Seriously, the IWSG in a once-monthly blog hop hosted by Alex J. Cavanaugh that provides authors with an avenue to share their doubts and concerns, and to offer one another encouragement and guidance. Every first Wednesday of the month we gather to connect with one another and share our insecurities.
In my last post I laid out my 30-day, 90-day, and 6-month plans for getting my writing back on track. No more procrastinating, no more distractions, no more excuses, and no more good intentions. It was time to stop thinking about being a writer, and start being a writer.
So, how have I done?
Well, things started off very well with my 30-day plan. I not only managed to polish off one of my lingering short stories, a twisted little piece entitled Domestic Musophobia, but I even got it submitted - twice. The first magazine came back with a quick rejection, so I submitted it again. Should hear back on that one within the month. I started polishing off a second story as well, tentatively entitled Death in an Elevator, although that got put on hold for a bit.
Why? And what about the rest of my plans?
Well, everything went out the window when I heard about the 2-week open submission window over at Harper Voyager. I was complaining to my wife about the timing, and how it didn't fit in with my 6 month plan, so she stepped in and suggested (okay, demanded) that I take a couple of weeks vacation, send the baby to daycare, and just write. So, that's what I did. For a little over 2 weeks I immersed myself in the novel, worked through some major character alterations, redefined a major plot point, drafted a few new scenes, tied up all the loose ends, and gave it all a good final polish.
It was an exhausting effort, but it was unbelievably rewarding to hit the 'submit' button on that digital submission form. In hindsight, I think that short-notice, narrow-window was precisely the thing I needed. Odds are, I would have found excuses to delay my 6-month plan, and found reasons not to let go of the manuscript. Thanks to my wife's persistence, Between the Waiting and the Damned is now out there, being read by somebody other than friends and family, and waiting for a decision.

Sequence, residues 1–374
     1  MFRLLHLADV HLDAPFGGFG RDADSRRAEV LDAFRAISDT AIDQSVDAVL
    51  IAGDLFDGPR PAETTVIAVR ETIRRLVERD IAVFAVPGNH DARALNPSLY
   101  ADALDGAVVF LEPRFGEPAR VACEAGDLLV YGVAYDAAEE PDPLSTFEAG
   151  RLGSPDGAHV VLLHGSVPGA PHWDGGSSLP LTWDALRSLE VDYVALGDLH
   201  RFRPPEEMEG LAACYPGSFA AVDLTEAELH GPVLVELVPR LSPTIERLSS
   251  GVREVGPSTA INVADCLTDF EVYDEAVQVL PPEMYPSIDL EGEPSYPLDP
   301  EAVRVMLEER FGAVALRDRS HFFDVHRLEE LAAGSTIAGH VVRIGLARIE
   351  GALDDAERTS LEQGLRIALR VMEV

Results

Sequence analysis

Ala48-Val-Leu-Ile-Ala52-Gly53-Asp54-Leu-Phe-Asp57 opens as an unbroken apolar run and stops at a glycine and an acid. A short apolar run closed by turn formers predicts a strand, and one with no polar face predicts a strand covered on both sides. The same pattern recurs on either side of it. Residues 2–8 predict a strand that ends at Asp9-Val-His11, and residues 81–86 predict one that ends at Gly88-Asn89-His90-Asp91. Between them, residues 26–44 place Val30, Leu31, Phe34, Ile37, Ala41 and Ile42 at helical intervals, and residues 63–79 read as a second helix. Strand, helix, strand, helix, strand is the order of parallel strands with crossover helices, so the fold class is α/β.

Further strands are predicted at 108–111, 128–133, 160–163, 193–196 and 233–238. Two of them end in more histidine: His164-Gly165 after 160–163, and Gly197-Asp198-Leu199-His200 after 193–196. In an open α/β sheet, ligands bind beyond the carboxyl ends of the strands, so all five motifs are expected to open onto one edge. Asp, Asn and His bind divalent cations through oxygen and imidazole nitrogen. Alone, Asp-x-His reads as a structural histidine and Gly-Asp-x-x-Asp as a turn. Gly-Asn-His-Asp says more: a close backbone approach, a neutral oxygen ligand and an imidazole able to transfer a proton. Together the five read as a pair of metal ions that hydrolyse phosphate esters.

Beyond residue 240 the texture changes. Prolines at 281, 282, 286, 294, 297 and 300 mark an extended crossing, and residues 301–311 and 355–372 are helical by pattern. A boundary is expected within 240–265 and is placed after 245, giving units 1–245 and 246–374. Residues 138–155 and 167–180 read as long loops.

If, come the end of January, I haven't heard back, then so be it. I have a few publishers in mind where I think it could do well, and I'll keep shopping it around until I make that sale.
As for what's next, I need to get Death in an Elevator polished and submitted, and then it's time to dive into that next novel. It's a bit daunting, but also extremely liberating - I've been living and breathing Between the Waiting and the Damned for what seems like a lifetime now, so it's time to start something new and completely different. Letting go of that first manuscript . . . just being able to decide that it was done, and didn't need any further work . . . was hard, but I think it's something every writer has to learn to do before they can move forward.